Evidence Presents Itself – Arguments Against Measure E Have Nothing to Do With Measure E

As happens in the run-up to every election, CulverCityCrossroads gets a lot of letters. It’s always a compliment when a publication gets a lot of correspondence; it means that people care enough to write down their thoughts and share them. Even hate mail, in its own way, is evidence that the institution has value. Letters can give you a great overview on a situation -let’s say the school bond measure. 

The campaign against the school bond – Measure E on your March ballot – lost all credibility for me in one moment. 

The people who advocate for an organization called ‘SAVE CCUSD’ spent more than a year talking about how the schools were falling apart, how the need for repairs was urgent, and how critical it was that we take care of the physical safety of our students. They even persuaded a local television news broadcast to come onto a campus and do a feature on how the ceiling tiles were falling out.

I heard the words ‘ceiling tiles’ so many times over the course of six months, if it had been a drinking game, everyone would have been unconscious. The relentless scolding at school board meetings, reaching over to city council meetings…never mind that the district and the city are two utterly separate entities that are legally not allowed interact without strict protocols. Not even considering the lawn signs, the social media posts, and the tone of apocalyptic hysteria …Holy Wow. 

But when the bond to repair the school facilities was approved for the March ballot – ceiling tiles and all – there was an instant, completely nonsensical pivot to oppose it. 

For me, the moment came when one of these self-appointed saviors stated – at a public meeting – that if this bond was not used to build a swimming pool for our students, then it was unworthy of support.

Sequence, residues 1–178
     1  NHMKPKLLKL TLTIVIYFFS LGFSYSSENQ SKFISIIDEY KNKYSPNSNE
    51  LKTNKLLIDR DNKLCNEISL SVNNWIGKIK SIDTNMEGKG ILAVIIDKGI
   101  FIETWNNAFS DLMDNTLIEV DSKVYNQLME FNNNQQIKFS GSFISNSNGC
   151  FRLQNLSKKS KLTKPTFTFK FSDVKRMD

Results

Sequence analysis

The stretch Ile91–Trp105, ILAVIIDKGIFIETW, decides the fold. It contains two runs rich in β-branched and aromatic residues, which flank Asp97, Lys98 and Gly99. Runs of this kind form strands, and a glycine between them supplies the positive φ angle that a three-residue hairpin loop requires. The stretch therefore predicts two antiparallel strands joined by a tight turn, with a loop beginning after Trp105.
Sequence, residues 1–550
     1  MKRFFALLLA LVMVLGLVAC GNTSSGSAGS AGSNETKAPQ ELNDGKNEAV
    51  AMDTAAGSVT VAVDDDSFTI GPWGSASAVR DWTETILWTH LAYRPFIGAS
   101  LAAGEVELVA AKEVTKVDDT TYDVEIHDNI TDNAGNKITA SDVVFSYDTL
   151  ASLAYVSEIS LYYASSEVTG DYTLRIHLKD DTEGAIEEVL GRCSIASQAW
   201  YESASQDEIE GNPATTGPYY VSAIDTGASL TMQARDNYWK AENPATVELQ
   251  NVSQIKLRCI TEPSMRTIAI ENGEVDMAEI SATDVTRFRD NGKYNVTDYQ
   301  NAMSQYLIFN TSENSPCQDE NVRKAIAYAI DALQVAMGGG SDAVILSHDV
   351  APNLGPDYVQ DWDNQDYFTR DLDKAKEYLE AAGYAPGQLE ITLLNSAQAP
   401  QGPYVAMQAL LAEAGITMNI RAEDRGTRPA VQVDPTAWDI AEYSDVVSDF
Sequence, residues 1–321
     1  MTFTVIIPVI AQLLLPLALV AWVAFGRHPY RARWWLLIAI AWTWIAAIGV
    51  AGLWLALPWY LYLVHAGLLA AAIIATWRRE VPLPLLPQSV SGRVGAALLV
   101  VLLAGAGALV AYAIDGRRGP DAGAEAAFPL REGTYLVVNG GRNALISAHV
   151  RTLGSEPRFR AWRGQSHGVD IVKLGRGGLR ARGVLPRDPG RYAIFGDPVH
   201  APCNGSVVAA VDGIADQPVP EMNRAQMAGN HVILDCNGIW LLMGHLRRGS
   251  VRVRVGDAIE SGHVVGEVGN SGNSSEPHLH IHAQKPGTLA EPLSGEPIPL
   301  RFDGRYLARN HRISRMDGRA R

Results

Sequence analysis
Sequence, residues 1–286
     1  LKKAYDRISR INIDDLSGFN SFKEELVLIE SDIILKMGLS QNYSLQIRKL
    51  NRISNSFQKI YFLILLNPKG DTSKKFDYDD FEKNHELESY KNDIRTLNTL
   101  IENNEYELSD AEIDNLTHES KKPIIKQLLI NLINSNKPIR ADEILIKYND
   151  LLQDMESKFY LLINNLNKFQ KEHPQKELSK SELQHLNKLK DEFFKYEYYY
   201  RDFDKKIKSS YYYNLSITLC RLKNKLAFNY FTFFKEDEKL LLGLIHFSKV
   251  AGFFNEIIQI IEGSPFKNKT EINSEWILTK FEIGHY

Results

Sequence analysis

This was one of the same people pointing out how shameful, how disgraceful it was that our students had these ceiling tiles falling on their heads. For more than a year. 

So fix the schools, fix the schools, fix the schools – okay, here’s how we can fix the schools – OH NO YOU DON’T! 

The people who oppose the bond – and, this is simply journalistic observation – have a dozen wild conspiracy theories as to where this money will be spent. They are broadcasting false information about past issues – that have nothing to do with the bond – and fantasizing future catastrophes – that have nothing to do with the bond. 

So, the push against the school bond has nothing to do with school bond. It’s just a citizen’s vigilante committee. Their long term campaign to blame the school board and the district administration for the disrepair of the schools loses any credibility when those repairs are on the ballot, and they are screaming in opposition. 

The fact is that Culver City has always passed school bonds. Every time we have put one on the ballot, it succeeded. We like having good schools. It’s good for the community in general. This is a fact.

The correspondence that Crossroads receives, (and again, this is a standard) addresses both pro and con. That people opposing the bond have gone to the trouble to use alternative names, set up a new email address, and disguise themselves in order to keep pushing these unsupported narratives is what is most revealing. While most of this faux correspondence has been caught in the filter, some gets through.

If you won’t stand behind your statements, then your statements don’t stand. Might as well put on clown make-up and say how serious you are.

We have not had to pull a single letter on the pro-bond correspondence because it wasn’t from a real person. Real voters are in favor – as they have been historically. 

When you see the light bulb graphic, and the words “Dear Editor,” that means someone has an idea. We try to support all correspondence, because good ideas can come from anywhere. But it also means it’s just an opinion – this is someone’s idea. We don’t check their spelling, or their grammar or their facts. 

Maintaining a local news platform that is respected and accessible to all does not mean it will be flawless. Offering real people a real connection in the community is vital. It’s essential to democracy.

We have evidence for that.

Judith Martin-Straw



The Actors' Gang